When Tammy Green founded her accessories brand Prene, she was 20 years old and failing a business degree.
“I don’t have a mathematical mind,” she says. “I couldn’t pass accounting or statistics. I failed my Year 12 maths exam. But you know what, that is the best way to learn – to just get thrown into the deep end.”
It was 2015 and Green was determined to follow her passion in fashion. Previous endeavours included making Justin Bieber T-shirts to sell on Tumblr, upcycling altered vintage clothes, and renting out dresses. But it was when Green developed a sample of a neoprene bag that her idea came into focus.
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In a fashion industry where leather designer bags reigned supreme in the handbag world, Green saw a gap in the Australian market for a bag that was machine-washable and lightweight while still being stylish. At the time, she saw designers such as Alexander Wang developing garments using neoprene – the same synthetic rubber that wetsuits are made from.
“I just thought it was very cool,” says Green. “It was androgynous and a bit different.” The budding designer also decided to focus on timeless silhouettes and colours as opposed to trends in an effort to prioritise longevity. “I can never justify spending so much money on a designer bag,” she says. “It just sits on the floor and gets dirty. You can’t wash it. So the idea of a Prene bag is that it’s designed to be reused and washed. With the right care it can last you a lifetime.”
Green is also proud her Prene bags have always been vegan. In the eight years since Prene launched, the vegan movement has been gaining momentum in fashion. In 2019, Vogue Business found that stock of vegan fashion products by major luxury brands had increased by 258 per cent in the US and the UK. Soon after, major international retailers such as Macy’s announced that they would be phasing out all fur products by 2021.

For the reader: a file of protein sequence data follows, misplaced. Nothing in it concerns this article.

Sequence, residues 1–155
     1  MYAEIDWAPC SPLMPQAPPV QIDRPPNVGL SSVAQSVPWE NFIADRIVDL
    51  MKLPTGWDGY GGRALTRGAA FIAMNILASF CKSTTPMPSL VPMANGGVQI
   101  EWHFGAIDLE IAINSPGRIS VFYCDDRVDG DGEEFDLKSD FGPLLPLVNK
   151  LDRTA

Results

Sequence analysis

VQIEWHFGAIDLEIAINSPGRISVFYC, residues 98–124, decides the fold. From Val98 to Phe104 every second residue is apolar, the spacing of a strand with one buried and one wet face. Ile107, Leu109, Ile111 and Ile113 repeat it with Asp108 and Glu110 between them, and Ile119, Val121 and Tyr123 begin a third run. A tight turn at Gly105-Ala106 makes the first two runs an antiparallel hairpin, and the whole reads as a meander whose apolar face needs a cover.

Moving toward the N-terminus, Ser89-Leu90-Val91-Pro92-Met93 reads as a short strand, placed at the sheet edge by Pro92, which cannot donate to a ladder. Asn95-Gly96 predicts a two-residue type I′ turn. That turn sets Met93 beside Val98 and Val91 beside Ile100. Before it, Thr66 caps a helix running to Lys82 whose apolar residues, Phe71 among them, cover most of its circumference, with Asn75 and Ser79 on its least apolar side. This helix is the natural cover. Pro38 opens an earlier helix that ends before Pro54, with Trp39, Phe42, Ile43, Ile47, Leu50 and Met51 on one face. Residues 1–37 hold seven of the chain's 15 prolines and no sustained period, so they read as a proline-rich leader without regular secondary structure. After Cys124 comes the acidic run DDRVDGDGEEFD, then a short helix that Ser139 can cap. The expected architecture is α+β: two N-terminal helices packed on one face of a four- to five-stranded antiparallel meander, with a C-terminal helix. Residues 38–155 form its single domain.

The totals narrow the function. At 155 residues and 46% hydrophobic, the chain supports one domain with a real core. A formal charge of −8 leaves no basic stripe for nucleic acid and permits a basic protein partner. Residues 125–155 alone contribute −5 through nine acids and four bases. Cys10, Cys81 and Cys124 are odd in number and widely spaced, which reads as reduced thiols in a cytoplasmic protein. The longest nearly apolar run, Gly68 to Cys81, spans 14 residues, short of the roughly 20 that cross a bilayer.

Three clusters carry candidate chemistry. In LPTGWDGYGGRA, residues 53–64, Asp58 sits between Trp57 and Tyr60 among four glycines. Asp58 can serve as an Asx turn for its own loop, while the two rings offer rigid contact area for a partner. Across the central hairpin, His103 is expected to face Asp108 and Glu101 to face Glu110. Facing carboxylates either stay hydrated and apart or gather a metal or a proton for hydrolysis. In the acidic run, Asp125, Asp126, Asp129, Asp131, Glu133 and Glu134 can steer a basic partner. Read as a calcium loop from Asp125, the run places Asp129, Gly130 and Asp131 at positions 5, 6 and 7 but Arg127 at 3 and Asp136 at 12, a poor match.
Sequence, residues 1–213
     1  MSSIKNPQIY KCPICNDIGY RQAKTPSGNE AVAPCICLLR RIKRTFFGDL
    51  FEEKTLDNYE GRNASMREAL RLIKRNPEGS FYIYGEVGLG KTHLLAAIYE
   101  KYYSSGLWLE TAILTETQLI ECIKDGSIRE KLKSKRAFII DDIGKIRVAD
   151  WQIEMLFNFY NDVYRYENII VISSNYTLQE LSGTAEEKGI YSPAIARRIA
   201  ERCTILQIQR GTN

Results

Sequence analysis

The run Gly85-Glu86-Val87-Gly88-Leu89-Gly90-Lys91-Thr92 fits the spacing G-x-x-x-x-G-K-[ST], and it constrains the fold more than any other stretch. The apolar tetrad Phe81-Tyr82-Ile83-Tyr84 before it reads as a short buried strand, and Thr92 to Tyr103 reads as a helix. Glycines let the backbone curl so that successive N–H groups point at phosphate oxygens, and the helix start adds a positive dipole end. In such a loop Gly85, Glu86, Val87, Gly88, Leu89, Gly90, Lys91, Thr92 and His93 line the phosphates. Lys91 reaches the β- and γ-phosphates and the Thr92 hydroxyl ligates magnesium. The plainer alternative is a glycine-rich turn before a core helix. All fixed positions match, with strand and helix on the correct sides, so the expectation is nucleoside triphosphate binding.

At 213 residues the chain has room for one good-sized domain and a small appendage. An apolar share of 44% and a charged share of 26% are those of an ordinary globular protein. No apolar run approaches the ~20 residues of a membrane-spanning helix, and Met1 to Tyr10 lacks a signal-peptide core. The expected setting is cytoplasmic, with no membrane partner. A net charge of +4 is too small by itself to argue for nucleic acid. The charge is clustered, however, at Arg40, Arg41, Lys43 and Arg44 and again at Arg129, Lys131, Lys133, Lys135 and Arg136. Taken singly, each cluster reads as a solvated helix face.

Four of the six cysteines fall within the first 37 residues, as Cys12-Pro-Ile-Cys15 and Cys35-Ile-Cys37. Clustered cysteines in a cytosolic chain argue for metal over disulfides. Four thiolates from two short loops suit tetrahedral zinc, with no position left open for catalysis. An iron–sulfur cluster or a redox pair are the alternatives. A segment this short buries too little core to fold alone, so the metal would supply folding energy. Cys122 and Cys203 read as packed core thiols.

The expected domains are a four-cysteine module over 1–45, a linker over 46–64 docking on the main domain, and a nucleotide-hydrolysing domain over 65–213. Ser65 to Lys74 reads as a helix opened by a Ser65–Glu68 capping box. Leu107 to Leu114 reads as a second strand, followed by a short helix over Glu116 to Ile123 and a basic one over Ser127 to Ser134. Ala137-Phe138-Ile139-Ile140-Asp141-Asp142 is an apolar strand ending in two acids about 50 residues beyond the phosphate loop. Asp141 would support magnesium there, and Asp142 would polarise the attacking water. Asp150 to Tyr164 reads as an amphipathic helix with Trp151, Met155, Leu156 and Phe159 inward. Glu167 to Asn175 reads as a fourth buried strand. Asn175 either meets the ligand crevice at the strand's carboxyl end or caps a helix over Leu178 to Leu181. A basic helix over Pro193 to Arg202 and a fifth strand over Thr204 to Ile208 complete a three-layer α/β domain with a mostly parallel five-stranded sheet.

“I feel like that is a really positive route for the future of the industry,” Green says. “It’s fantastic to see so many designers pivoting towards that movement, utilising new materials, and building more of a community over a commodity.”
But there’s still a long way to go. Last year, Monash University’s Sustainable Development Institute issued an “urgent call” for Australia to reduce its environmental fashion footprint.
Green is particularly intrigued by innovation in recycled materials. “I feel like with the recycling movement, there’s always something new happening,” she says. “It’s just absolutely mind-boggling and fascinating what can be recycled and repurposed, like bio leather or apple leather or coffee leather. I’m working on a few samples with those products at present, essentially utilising food waste and material waste, recycling it, repurposing it. Producing a product that is still durable and can last you a long time but has had a life that existed before it.”
Green is hoping for more than just change in the products in department store windows. She says as a young female entrepreneur, she initially struggled to gather a team. Many experienced professionals older than her didn’t like reporting to a young female boss.
“Even dealing with retailers and big companies and stakeholders, I would answer the phone and speak to them as the founder of a very successful business, and they would immediately say, ‘Could you put your boss on?,’” she says. “’Could you put someone more senior on?’ I always had to prove myself.”
But the experience emboldened her. “As a young woman you need to stand up for yourself,” she says. “Anyone who does not agree with that or support you or respect you in that sense is not someone that you need to be working with. If you believe in yourself and your business, you will go far.”
This article is produced by Broadsheet in partnership with BMW as part of The Next Guide. The Next Guide is a series dedicated to celebrating the people who are shaping our constantly changing culture in Australia, as well as investigating how sustainability will impact how we live in the future.